Amid tensions between Hezbollah and Israel, Lebanese neutrality is ever more necessary
Shia fighters and Israeli forces clash at the border. Netanyahu attacks Hezbollah for “playing with fire", pledges a "strong response". The pro-Iranian group denies involvement. A source in the Maronite Patriarchate calls for stronger Lebanese neutrality amid regional tensions.
Beirut (AsiaNews) – The clashes that took place yesterday on the Lebanese-Israeli border between the pro-Iranian Shia Hezbollah and Israeli forces are a new blow to Lebanon's "openness and neutrality" policy, a position backed by Card d Bechara Al-Rahi several times.
In light of the situation, the Maronite patriarchate has stressed the need for Lebanon to take a neutral stance amid fears of a possible war not of its making, amid increased tensions.
According to Israeli media, yesterday a group of Hezbollah fighters tried to cross the border and fire anti-tank missiles against an armed position held by the Israeli Defence Forces (IDF).
The clash took place at Kfarchouba, near Mount Hermon, and follows action by Hezbollah in retaliation for the killing of Ali Kamel Mohsen, one of the Shia group’s prominent leaders, during an Israeli raid into Syria on 20 July.
Reacting to yesterday's incident, Israeli Prime Minister Benjamin Netanyahu, in constant contact with government ally and Defence Minister Benny Gantz, spoke of a "complicated" security situation.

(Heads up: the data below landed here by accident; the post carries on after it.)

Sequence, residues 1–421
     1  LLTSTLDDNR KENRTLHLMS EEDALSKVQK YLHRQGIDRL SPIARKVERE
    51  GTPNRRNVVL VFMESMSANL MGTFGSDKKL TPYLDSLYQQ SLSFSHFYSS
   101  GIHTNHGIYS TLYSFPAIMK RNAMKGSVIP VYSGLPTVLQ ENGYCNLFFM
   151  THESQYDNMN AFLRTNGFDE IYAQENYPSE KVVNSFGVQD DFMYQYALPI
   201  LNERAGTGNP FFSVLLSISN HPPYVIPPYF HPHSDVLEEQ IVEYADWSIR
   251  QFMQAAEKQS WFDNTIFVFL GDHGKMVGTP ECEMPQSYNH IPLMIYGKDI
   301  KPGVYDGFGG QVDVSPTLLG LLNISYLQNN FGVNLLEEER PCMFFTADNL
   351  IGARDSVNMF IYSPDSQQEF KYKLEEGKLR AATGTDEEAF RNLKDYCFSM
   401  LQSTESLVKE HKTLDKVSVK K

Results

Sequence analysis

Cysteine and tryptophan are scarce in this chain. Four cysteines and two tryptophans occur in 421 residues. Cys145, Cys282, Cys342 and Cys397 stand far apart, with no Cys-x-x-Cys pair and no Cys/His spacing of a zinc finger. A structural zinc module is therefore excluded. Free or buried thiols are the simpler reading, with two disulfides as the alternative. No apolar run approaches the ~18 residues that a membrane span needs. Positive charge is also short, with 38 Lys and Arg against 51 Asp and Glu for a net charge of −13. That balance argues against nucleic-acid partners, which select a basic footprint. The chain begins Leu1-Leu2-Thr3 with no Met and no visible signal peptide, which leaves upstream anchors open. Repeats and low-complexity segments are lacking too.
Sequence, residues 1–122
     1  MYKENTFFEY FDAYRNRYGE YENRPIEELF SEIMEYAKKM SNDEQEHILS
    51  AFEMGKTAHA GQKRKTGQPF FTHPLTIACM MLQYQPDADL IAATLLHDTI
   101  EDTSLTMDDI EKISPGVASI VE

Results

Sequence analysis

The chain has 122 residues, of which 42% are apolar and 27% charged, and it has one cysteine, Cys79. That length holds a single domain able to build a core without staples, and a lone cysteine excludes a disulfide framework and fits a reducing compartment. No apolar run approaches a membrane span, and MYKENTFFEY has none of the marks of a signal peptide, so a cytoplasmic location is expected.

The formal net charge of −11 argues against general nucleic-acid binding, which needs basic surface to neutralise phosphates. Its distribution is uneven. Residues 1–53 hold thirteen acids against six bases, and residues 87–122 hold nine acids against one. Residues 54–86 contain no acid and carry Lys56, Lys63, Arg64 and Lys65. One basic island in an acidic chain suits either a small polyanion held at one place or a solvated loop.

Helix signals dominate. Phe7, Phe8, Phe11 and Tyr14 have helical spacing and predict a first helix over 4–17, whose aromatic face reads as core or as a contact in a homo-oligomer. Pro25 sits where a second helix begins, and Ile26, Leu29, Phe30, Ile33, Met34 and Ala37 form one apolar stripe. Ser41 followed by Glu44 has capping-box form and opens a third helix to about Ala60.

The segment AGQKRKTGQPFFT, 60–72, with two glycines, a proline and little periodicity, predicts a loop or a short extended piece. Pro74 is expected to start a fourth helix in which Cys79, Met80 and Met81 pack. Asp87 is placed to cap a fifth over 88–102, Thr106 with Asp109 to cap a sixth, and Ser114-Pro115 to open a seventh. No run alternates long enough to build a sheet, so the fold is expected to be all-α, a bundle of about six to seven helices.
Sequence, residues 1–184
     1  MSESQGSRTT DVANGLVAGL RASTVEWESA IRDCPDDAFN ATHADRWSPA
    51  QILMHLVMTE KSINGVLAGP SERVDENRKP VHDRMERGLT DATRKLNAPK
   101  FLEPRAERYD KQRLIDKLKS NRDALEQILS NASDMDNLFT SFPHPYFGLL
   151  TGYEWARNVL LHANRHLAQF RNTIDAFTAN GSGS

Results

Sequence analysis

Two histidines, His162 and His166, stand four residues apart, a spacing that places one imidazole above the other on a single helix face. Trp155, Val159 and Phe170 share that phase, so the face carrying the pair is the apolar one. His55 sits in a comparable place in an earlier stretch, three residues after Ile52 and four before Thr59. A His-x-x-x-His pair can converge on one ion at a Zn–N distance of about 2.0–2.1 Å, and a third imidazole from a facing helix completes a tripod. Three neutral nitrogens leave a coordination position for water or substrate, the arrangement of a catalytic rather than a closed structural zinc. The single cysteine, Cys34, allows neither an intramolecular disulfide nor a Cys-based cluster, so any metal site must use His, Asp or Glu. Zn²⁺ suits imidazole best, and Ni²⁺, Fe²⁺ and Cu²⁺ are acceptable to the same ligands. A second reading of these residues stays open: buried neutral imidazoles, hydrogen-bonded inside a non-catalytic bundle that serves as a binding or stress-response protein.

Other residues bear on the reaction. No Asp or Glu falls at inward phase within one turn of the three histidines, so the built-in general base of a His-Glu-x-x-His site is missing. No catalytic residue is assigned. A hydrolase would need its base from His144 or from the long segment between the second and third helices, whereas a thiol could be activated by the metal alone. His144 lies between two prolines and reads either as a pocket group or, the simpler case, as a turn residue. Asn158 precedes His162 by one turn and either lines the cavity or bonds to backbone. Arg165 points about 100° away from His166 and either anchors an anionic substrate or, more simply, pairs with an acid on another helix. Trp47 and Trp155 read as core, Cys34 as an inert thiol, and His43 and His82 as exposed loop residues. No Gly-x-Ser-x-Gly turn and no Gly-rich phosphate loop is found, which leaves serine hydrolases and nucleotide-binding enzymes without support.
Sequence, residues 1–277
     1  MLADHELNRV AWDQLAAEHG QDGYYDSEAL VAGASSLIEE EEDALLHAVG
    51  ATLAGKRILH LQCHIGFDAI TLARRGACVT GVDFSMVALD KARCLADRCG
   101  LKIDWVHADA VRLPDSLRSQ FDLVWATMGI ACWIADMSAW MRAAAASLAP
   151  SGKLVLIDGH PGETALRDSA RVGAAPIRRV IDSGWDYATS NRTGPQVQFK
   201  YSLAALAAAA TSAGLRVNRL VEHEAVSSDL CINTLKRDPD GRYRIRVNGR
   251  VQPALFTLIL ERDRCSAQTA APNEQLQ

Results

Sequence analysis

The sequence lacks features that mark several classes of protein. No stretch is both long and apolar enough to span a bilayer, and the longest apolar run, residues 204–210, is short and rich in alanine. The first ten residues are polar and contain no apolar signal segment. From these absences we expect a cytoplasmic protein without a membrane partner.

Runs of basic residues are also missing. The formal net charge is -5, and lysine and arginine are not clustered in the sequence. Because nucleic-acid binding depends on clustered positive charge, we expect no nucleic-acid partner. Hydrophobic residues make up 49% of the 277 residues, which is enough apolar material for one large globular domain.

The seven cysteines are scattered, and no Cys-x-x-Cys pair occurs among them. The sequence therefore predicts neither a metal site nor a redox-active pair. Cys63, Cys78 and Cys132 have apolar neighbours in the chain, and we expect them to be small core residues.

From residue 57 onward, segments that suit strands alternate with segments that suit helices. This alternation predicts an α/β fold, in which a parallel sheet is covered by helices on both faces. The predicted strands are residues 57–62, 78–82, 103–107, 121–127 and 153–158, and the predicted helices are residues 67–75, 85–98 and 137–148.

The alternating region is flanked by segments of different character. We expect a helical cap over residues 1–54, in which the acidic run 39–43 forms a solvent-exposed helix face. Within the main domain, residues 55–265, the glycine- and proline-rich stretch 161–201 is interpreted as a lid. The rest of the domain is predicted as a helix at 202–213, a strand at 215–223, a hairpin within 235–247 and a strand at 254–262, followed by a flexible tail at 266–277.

The Israeli leader slammed Hezbollah for “playing with fire,” threatening "a strong response" to any attack or retaliation against his country or interests in the region.
Hezbollah's response was immediate. It strongly denied taking part in any "clashes" with Israeli forces along the border near Israeli-occupied Shebaa Farms, in the wake of an attempted "terrorist infiltration".
Commenting on the violence of the past few hours, a Maronite patriarchate source cited by L'Orient-Le Jour said that "this incident highlights" what Card Al-Rahi means "for the positive neutrality of Lebanon in the face of tensions and regional conflicts.”
The country, the source goes on to say, "cannot bear the consequences of a conflict of which it is not a party, but in which it is being dragged despite itself by an army that takes its orders from Tehran.”
In yesterday's clashes, “the attempt to free a part of Lebanese territory is not a game", but a "partly psychological response to an Israeli attack in Syria". And it is the Lebanese people "who risk paying the price.”